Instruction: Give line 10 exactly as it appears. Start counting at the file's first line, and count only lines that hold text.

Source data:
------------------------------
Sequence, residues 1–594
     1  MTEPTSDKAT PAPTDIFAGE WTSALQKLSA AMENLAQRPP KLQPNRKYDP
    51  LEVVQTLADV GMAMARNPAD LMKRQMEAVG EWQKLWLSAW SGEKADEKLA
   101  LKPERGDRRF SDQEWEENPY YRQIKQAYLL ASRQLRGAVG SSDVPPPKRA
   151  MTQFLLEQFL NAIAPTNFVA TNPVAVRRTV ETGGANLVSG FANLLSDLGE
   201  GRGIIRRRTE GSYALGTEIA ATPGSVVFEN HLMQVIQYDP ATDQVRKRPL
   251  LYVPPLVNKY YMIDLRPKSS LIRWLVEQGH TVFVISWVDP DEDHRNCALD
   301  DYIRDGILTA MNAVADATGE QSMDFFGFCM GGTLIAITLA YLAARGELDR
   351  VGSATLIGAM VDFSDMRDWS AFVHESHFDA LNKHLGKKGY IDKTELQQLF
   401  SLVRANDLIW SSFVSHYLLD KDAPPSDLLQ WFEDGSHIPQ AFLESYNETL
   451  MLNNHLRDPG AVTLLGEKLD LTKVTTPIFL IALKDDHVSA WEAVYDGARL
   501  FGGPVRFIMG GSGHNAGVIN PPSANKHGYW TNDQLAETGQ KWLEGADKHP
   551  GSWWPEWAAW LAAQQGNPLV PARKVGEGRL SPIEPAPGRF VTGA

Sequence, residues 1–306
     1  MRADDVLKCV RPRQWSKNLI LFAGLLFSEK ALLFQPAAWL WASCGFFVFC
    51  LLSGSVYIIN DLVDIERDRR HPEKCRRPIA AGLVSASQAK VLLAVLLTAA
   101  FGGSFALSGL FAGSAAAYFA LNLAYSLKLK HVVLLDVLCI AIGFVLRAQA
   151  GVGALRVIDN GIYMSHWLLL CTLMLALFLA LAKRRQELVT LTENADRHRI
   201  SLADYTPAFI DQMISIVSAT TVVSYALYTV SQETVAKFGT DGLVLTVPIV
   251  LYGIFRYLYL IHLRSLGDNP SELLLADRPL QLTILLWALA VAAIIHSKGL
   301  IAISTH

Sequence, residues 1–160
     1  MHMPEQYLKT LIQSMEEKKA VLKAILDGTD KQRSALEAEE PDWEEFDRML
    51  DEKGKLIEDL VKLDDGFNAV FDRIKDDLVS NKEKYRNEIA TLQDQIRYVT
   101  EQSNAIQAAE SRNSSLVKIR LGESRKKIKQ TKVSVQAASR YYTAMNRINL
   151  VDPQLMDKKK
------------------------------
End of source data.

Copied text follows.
   401  SLVRANDLIW SSFVSHYLLD KDAPPSDLLQ WFEDGSHIPQ AFLESYNETL